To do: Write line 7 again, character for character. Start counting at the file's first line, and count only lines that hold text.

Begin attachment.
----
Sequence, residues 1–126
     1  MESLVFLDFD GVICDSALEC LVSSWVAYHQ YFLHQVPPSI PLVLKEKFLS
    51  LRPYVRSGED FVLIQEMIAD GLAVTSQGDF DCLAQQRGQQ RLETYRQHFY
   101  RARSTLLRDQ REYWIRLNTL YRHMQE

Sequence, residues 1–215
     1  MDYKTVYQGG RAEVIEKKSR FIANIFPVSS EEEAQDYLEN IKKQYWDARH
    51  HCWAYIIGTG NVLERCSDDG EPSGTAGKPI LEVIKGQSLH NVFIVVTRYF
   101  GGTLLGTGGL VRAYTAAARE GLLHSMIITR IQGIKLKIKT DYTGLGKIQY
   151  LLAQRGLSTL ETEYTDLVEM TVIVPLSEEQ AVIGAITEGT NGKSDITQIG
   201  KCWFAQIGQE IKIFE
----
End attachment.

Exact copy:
    51  HCWAYIIGTG NVLERCSDDG EPSGTAGKPI LEVIKGQSLH NVFIVVTRYF